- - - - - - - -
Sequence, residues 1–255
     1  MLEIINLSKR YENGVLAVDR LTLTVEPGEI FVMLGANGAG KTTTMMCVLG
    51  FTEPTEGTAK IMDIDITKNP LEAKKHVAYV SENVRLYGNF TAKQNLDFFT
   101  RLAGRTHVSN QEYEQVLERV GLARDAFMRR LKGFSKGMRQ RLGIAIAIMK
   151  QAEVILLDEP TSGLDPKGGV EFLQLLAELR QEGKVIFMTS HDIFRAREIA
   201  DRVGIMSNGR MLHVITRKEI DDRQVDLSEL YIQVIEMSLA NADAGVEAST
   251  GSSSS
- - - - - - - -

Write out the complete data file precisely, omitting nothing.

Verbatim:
Sequence, residues 1–255
     1  MLEIINLSKR YENGVLAVDR LTLTVEPGEI FVMLGANGAG KTTTMMCVLG
    51  FTEPTEGTAK IMDIDITKNP LEAKKHVAYV SENVRLYGNF TAKQNLDFFT
   101  RLAGRTHVSN QEYEQVLERV GLARDAFMRR LKGFSKGMRQ RLGIAIAIMK
   151  QAEVILLDEP TSGLDPKGGV EFLQLLAELR QEGKVIFMTS HDIFRAREIA
   201  DRVGIMSNGR MLHVITRKEI DDRQVDLSEL YIQVIEMSLA NADAGVEAST
   251  GSSSS